When Do the Right Thing was released 20 years ago, a generation of black writers and intellectuals became instantly radicalized by Spike Lee and Public Enemy’s vision of black America. Their fist-pumping black nationalist slingshots, along with The Autobiography of Malcolm X, were the perfect antidote for the isolation and alienation many black youth felt growing up in white suburbs in the post-civil rights era.
Together Do the Right Thing and Chuck D’s single “Fight the Power” made a pitch-perfect argument for a United States of Black America, composed of a constellation of urban outposts like Bed-Stuy, Brooklyn, that were free of white patriarchy. USBA was a place where black people owned the restaurants, businesses and schools, and inhabited their own black worlds free of oppression. The film’s fiery conclusion, with the Italian-American Sal’s Famous Pizzeria going up in flames after the police murder of Radio Raheem, was the perfect denouement, a catharsis for every sleight at the hands of white people.
I was only 12 when the movie came out, but the film’s fire ignited my own smoldering resentments. Burn, white supremacists who harassed my family for daring to move to a white suburb of Indianapolis! Burn, cops who followed me and my teenage friends just because! The literal fire set in the film and the social fire that followed was payback for my black classmates who rode deseg buses from the inner city to suburban schools, leading to inevitable culture clashes that we would never win.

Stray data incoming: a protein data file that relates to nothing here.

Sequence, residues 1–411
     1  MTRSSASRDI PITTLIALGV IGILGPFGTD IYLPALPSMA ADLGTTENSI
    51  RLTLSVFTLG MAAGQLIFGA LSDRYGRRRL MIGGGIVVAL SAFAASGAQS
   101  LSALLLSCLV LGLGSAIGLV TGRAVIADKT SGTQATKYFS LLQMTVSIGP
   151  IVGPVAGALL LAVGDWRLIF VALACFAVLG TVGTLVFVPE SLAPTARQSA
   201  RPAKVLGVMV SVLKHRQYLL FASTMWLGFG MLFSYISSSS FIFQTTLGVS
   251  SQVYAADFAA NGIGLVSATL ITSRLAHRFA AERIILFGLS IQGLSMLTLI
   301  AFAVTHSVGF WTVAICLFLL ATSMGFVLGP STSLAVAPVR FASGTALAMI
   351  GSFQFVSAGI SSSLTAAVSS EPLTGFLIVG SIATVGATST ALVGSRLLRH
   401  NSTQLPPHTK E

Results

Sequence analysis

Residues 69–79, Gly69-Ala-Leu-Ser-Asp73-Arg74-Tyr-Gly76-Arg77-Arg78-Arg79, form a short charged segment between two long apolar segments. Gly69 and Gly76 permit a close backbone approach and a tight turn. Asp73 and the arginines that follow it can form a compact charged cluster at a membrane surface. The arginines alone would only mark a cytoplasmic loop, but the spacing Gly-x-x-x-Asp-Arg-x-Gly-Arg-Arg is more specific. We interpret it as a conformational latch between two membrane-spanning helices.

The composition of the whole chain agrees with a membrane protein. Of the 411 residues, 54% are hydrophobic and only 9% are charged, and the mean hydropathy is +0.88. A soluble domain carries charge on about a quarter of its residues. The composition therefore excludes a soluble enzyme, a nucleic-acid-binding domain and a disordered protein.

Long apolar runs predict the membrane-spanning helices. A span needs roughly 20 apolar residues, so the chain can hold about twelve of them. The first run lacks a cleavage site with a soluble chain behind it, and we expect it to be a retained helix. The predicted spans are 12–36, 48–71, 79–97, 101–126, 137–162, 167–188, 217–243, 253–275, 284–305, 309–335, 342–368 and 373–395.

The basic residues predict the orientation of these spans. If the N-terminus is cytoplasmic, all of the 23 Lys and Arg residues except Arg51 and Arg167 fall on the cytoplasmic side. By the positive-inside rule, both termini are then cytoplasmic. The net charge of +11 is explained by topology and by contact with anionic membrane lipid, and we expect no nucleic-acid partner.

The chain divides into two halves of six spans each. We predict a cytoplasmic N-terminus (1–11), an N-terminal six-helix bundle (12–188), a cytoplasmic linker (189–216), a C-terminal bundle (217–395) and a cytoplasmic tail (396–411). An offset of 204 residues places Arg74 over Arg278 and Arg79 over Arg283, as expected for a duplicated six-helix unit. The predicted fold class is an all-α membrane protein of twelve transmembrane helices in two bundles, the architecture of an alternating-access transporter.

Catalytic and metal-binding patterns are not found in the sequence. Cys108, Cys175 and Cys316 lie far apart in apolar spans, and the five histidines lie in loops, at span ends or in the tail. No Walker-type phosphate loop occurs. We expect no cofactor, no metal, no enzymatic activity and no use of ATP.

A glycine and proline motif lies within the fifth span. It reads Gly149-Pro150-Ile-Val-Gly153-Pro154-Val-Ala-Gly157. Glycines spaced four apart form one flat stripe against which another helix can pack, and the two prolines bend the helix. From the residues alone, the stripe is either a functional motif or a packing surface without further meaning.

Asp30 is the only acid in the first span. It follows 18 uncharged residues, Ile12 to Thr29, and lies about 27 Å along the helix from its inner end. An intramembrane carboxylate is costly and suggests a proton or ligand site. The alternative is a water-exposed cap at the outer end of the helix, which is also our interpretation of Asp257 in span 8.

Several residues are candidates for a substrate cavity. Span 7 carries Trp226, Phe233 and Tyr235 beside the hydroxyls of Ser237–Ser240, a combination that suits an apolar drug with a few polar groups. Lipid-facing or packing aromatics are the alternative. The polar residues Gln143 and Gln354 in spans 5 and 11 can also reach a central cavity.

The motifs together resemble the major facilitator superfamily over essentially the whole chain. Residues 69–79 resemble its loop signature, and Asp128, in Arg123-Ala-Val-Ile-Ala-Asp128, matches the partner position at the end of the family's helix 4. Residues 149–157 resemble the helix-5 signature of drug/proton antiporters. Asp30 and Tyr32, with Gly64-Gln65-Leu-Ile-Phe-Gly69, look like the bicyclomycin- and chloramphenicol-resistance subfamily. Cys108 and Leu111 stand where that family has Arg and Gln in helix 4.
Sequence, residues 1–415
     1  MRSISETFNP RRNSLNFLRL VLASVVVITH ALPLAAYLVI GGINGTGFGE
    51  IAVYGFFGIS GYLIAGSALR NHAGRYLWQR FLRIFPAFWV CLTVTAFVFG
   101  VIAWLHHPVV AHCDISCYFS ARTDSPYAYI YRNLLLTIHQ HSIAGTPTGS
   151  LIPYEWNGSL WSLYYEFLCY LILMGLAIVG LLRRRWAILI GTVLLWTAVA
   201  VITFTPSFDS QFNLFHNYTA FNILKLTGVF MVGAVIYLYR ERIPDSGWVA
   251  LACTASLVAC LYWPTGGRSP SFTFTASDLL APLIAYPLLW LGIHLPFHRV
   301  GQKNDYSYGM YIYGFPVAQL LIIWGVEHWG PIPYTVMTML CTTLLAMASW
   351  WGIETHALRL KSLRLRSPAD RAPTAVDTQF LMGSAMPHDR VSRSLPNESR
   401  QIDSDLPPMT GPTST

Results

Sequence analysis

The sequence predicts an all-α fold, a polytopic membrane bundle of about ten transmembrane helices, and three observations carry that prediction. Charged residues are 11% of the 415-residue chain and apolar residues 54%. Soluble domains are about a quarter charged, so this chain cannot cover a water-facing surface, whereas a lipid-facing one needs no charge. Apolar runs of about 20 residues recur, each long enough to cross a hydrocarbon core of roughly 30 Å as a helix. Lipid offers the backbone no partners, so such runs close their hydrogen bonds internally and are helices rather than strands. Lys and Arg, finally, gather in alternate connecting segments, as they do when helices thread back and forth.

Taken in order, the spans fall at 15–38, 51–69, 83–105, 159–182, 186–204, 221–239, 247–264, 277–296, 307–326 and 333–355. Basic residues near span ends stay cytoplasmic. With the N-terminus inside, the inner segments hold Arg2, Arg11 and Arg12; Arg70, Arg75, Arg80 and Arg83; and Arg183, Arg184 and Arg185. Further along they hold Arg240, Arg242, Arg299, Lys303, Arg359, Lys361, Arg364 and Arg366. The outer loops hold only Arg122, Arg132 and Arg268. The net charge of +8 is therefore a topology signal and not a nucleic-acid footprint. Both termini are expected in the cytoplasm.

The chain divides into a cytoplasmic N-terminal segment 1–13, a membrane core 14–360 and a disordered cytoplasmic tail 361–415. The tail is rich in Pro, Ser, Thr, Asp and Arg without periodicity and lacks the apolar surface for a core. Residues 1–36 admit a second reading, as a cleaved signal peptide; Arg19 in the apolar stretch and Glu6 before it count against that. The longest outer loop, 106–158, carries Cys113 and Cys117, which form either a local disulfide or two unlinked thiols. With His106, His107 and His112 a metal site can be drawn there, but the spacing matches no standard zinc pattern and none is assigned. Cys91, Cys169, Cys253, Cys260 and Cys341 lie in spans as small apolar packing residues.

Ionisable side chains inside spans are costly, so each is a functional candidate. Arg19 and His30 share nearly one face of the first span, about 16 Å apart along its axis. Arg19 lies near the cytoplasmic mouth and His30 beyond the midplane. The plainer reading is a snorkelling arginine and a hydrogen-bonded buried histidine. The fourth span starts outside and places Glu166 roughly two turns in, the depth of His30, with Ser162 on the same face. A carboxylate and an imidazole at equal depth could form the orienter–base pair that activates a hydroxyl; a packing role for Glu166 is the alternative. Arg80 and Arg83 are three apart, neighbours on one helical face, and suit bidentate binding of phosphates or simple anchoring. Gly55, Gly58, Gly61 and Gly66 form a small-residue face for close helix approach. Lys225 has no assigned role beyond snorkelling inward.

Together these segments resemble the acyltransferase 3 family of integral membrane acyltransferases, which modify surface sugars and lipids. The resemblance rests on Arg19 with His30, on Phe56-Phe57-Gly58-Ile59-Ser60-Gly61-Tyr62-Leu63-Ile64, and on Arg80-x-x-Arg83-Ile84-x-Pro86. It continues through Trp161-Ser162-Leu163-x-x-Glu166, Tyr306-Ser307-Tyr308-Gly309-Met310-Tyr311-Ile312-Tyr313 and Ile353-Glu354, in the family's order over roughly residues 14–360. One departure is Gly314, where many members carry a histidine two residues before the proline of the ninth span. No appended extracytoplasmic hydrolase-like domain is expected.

The satisfaction that came from that released rage played out for years. I remember a similar feeling just after Los Angeles police officers were acquitted in the videotaped Rodney King beating, when my friend Nzinga, a Black Panther’s daughter, announced with relish outside our high school lockers: “Niggas is rioting in L.A.”
Uuuuunnmph! Take that, we thought.
Do the Right Thing is still a powerful movie. But today many of the scenes that elicited cheers seem off the mark.
Sal’s racist son Pino tries to persuade his father to leave Bed-Stuy because black people didn’t want them there. Sal, played by Danny Aiello, defends the neighborhood, expressing his pride that the people there had grown up on his food. Didn’t Sal have every right to be there?